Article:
2021 Yellow Springs News Merchandise
Jul
23
2021
From the Print
Local magazine publisher and communications company Ertel Publishing recently purchased CHARLIE, a regional magazine that covers the arts and culture of Charleston, S.C. From left are Ertel’s owners Ben Smith, Vicki Ertel and Patrick Ertel with a copy of the magazine. (Submitted photo)

Local magazine publisher and communications company Ertel Publishing recently purchased CHARLIE, a regional magazine that covers the arts and culture of Charleston, S.C. From left are Ertel’s owners Ben Smith, Vicki Ertel and Patrick Ertel with a copy of the magazine. (Submitted photo)

Ertel group adds a magazine

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A local publisher has purchased a Charleston, S.C. magazine focused on that region’s arts and culture.

Ertel Publishing announced last month that it acquired CHARLIE, an online and quarterly print magazine that covers Charleston’s art, fashion, music, food and lifestyle.

Ertel’s owners said in a recent interview that the acquisition is part of a larger growth strategy for the 26-year-old local niche magazine publisher looking to expand into regional publications and other media communications. Details of the acquisition were not disclosed.

Started by Patrick Ertel in his basement in 1988 to publish Antique Power, a magazine for tractor collectors, Ertel Publishing currently puts out two of its own magazines and publishes three others. In addition, the company writes, edits, and acquires images for educational textbooks and recently launched High Street Communications, a marketing and advertising division.

“We started with solely print magazine publishing and the new media [with High Street Communications] has given us the opportunity to expand,” Ertel said. “It has come to fruition now with buying CHARLIE, which uses every form of media.”

Ertel Publishing is co-owned by Ertel, his wife Vicki Ertel, the company’s chief financial officer, and Chief Operating Officer Ben Smith. It has 11 full-time employees at its office at 506 S. High St. with two more employees (including Smith) now working out of Charleston.

According to a press release, plans for the CHARLIE brand include reviving its print magazine, a free glossy magazine with a circulation of 10,000, and restarting CHARLIE-organized local events. CHARLIE founder and sole employee, Caroline Nuttall, will stay on as publisher. She founded the brand six years ago.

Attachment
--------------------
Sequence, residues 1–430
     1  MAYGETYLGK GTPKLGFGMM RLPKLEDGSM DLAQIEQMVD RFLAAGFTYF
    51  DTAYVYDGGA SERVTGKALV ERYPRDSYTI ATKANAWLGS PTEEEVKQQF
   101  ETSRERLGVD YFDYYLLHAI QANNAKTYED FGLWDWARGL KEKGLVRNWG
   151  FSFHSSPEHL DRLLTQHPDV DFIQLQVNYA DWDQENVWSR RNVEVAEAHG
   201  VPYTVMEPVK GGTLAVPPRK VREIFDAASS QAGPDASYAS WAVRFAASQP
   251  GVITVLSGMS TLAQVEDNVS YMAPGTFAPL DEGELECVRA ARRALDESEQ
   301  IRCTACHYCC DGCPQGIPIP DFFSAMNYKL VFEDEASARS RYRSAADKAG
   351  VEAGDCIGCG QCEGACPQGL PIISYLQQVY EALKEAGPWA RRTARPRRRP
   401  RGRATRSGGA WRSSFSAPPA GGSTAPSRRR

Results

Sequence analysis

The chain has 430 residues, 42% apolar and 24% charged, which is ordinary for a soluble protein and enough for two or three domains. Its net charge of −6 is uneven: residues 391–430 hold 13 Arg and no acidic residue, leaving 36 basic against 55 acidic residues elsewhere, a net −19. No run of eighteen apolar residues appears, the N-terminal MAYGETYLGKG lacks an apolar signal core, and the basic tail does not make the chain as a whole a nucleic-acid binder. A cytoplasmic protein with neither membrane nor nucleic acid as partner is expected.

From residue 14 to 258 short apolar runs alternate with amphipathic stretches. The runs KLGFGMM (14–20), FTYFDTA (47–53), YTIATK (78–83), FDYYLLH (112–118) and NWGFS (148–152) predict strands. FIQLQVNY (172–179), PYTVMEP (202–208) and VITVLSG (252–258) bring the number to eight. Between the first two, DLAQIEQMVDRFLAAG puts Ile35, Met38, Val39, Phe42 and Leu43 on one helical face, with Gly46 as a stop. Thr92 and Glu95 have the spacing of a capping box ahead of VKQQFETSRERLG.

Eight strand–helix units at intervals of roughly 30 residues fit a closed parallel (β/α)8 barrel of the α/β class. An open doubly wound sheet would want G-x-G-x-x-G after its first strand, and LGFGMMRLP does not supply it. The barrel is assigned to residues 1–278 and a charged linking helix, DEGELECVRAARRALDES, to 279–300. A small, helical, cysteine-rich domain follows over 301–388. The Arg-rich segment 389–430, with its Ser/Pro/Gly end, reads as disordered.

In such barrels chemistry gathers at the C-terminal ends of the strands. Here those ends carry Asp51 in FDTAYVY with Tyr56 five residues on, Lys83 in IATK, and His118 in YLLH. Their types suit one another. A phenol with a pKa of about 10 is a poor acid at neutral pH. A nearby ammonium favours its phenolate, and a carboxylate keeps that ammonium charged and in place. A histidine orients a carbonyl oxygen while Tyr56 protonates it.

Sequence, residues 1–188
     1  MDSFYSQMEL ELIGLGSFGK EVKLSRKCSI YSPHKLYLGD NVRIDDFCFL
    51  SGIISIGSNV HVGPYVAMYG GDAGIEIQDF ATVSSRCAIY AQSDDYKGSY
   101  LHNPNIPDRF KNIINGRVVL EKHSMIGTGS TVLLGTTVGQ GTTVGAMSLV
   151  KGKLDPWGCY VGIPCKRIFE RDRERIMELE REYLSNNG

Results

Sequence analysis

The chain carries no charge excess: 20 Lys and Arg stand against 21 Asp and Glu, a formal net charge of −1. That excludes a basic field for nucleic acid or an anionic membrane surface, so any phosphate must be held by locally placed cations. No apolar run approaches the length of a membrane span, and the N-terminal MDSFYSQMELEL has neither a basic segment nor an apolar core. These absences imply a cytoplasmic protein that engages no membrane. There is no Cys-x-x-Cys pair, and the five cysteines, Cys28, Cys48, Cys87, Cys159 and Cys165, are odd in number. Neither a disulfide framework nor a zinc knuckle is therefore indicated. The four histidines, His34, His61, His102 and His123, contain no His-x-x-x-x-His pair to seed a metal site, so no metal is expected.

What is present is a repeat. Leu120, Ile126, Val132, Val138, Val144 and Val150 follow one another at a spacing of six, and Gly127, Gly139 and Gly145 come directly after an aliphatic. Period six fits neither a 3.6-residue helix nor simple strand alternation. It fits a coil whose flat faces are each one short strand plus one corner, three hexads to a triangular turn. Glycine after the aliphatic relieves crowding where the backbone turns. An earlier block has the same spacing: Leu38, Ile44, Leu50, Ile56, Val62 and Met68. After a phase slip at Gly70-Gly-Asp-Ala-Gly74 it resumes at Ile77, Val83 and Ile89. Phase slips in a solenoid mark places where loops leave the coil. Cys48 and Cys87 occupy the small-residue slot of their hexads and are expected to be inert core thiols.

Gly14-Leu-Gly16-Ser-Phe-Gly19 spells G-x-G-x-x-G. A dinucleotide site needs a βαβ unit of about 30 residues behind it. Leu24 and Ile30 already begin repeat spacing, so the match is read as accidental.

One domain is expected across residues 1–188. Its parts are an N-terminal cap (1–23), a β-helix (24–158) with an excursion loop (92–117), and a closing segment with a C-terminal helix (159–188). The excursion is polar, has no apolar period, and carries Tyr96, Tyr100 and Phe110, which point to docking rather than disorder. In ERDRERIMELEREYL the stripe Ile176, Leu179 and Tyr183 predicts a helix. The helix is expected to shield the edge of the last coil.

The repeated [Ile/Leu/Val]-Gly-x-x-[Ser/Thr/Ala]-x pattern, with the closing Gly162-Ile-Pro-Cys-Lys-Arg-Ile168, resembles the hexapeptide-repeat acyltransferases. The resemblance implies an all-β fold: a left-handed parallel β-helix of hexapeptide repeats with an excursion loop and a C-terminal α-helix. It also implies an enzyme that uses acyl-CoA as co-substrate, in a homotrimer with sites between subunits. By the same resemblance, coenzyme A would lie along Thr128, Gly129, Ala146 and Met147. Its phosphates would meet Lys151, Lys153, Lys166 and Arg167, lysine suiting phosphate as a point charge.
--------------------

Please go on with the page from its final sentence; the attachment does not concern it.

Vicki Ertel said Ertel Publishing found in CHARLIE a strong brand in one of America’s fastest growing cities, adding that the two companies had similar values. She said Ertel has been looking to break into the regional publishing market for some time and said there is an opportunity to grow readership both within, and outside, the Charleston region.

“This is an up-and-coming genre for magazines,” Ertel said of regional publications. “People love where they live and people move from where they love and want to stay connected,” she said, citing the national readership of New England regional magazine Yankee.

Patrick Ertel said that the company is primed for growth with High Street Communications now based in two different cities and that Ertel Publishing may look to acquire other regional publications. However, the recent moves are not wholly dissimilar to the company’s past, he added.

“Our core business has stayed the same,” Ertel said. “People like holding a paper magazine in their hands, feeling it, and putting it down when they want.”

Ertel Publishing’s decision to stick with print has paid off, added Smith, who joined the company in 2010. While other publishers forayed into digital printing, the ompany maintained its commitment to print, and with a loyal subscriber base has weathered the explosion of digital media, he said.

In addition, Ertel puts on an annual vintage truck show at Young’s Jersey Dairy and sells merchandise to go along with its two magazines — Antique Power and Vintage Truck — which are sent to subscribers and sold at newsstands.

Patrick Ertel, an aerospace engineer, founded Ertel Publishing after attending a vintage tractor show and seeing that its enthusiasts didn’t have a place to connect and exchange information. He founded Antique Power and began writing, editing and publishing the issues in his Davis Street basement before moving the company to an old photography studio of Axel Bahnsen’s on Glen Street. Ertel purchased the former YSI machine shop on High Street in 2001 and remodeled it for the growing company’s offices.

Ertel still edits and writes one article for each issue of Antique Power, which boasts a circulation of 51,000 according to its website. Vintage Truck, started in 1992, has 35,000 subscribers. Ertel Publishing also publishes Ohio Valley History, Lawn & Garden Tractor and The Hart-Parr Oliver Collector.

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